A systematic line of investigation followed by tumor clearance with adequate margin will help in recurrence-free management of rare tumors such as haemangioendothelioma.
Dr. Girinivasan Chellamuthu, Research Associate, Orthopaedic Research Group, Church Road, Ramanathapuram, Coimbatore - 641 045, Tamil Nadu, India. E-mail: firstname.lastname@example.org
Introduction: Lytic lesions of the proximal tibia include a plethora of differential diagnoses. The most common ones are the Giant cell tumor, fibrous dysplasia, adamantinoma, chondromyxoid fibroma, and osteoblastoma. The rarer ones include vascular tumors such as hemangioma and hemangioendothelioma. A systematic line of investigations is essential to pick up the right diagnosis especially in case of rarer conditions. In this background, we present a case of lytic lesion of the proximal tibia which turned out to be epitheloid hemangioendothelioma (EHE).
Case Report: A 37-year-old female presented with pain and swelling in the left knee for 2 years. On examination, the patient had a 3 × 4 cm firm, non-tender, and well-defined swelling on the anterolateral aspect of the proximal tibia. X-ray showed a lytic lesion of the proximal tibia. Magnetic resonance imaging was suggestive of a giant cell tumor. However, the biopsy revealed a rare diagnosis of epithelioid hemangioendothelioma.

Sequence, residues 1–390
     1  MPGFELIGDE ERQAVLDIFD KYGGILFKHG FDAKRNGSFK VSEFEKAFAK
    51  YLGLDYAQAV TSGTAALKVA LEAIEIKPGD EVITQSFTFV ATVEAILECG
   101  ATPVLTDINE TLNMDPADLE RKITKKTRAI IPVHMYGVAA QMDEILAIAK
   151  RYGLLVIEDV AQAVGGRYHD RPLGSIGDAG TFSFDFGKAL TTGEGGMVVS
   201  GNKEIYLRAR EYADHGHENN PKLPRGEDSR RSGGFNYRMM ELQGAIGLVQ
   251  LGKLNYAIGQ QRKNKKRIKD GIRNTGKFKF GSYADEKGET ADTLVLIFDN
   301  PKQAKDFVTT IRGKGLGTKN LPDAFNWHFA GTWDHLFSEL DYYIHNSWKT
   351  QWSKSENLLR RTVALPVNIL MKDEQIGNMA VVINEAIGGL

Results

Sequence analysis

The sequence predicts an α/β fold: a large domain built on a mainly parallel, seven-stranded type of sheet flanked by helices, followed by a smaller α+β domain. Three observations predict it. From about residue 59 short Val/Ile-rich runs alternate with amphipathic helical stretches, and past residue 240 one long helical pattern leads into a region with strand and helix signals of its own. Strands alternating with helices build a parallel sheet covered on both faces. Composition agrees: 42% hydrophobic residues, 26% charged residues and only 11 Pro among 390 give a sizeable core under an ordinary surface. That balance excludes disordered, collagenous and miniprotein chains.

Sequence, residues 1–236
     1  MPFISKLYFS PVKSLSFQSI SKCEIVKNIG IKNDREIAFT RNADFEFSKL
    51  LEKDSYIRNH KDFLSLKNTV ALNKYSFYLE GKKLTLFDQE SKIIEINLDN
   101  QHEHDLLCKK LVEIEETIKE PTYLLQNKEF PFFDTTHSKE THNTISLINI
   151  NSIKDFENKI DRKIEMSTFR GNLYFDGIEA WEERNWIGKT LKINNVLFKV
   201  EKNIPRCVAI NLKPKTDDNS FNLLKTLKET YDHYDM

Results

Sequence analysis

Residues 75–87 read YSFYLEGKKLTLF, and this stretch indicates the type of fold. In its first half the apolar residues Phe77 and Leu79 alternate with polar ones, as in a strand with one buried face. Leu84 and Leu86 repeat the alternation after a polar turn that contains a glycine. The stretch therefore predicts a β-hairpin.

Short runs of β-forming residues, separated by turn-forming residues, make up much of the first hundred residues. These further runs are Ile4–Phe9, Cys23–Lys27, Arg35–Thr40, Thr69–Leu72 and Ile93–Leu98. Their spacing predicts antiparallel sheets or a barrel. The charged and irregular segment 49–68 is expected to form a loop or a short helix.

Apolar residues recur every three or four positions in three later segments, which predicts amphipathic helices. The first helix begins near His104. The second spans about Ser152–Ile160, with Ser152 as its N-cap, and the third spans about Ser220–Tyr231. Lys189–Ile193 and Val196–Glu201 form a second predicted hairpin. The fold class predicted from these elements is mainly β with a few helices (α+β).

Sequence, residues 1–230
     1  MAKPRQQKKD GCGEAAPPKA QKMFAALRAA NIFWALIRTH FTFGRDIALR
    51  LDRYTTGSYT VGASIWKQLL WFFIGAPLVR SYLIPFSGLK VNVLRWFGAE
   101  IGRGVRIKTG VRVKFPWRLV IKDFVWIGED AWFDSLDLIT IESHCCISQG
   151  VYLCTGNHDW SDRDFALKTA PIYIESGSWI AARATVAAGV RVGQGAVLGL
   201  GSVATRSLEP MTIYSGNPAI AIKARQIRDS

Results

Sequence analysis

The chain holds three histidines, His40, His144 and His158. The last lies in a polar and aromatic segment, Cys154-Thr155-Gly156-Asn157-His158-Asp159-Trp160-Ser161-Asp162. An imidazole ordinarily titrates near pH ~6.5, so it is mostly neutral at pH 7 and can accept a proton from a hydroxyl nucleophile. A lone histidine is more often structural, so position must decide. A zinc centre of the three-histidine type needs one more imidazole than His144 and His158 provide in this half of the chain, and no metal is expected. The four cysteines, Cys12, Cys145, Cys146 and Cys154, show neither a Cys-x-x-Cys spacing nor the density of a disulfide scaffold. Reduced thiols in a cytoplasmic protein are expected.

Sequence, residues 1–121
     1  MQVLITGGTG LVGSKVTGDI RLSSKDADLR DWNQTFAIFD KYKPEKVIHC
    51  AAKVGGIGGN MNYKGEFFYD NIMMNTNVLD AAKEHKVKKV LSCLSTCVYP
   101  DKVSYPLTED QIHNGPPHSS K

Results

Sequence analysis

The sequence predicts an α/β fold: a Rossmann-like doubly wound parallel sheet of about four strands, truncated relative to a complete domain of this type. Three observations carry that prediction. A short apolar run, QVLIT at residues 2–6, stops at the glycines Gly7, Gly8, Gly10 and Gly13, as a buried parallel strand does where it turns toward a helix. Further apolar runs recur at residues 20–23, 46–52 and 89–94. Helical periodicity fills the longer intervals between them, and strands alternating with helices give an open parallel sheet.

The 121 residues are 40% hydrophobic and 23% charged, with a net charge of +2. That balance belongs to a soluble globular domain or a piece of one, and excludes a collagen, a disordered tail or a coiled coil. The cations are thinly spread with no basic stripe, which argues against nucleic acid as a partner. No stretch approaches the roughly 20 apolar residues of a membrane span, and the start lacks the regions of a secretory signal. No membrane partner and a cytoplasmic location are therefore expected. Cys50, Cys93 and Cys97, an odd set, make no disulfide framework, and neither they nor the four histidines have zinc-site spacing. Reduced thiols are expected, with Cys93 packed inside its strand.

Conclusion: The patient was managed with wide excision. In a young adult, arthrodesis may not be the best option; hence, we reconstructed the joint with a custom mega prosthesis (CMP). At 3 years follow-up, our patient had no signs of recurrence. To our best knowledge, this is the first report on the use of CMP in a case of EHE
Keywords: Hemangioendothelioma, lytic lesion, CMP
Lytic lesions of the proximal tibia include a plethora of differential diagnoses . The most common one in a young adult is the Giant cell tumor. The other conditions are fibrous dysplasia, adamantinoma, chondromyxoid fibroma, and osteoblastoma [1, 2]. The rarer ones include vascular tumors such as hemangioma and hemangioendothelioma . Most of these tumors are benign. Some are locally aggressive while a few can cause distant metastasis [1, 3]. Thus, the management of each condition and its prognosis differs. A systematic line of investigations is essential to pick up the right diagnosis especially in case of rarer conditions. In this background, we present a case of lytic lesion of the proximal tibia which turned out to be epitheloid hemangioendothelioma (EHE). The EHE is an extremely rare tumor accounting for 1% of all vascular tumors with an estimated prevalence of 1 in 1 million [4, 5]. It is locally aggressive, characterized by the formation of atypical endothelial cells, and has a low to intermediate grade malignant potential . Wide excision of tumor and reconstruction with custom mega prosthesis (CMP) was done.
A 37-year-old female presented with pain and swelling in the left knee for 2 years. The patient experienced an increased intensity of pain and noticed an increase in the size of the tumor for the past 3 months.On examination, the patient had a 3 × 4 cm firm, non-tender, and well-defined swelling on the anterolateral aspect of the proximal tibia. Her knee movements were full and were associated with pain in the terminal range of flexion. She had no distal neurovascular deficit.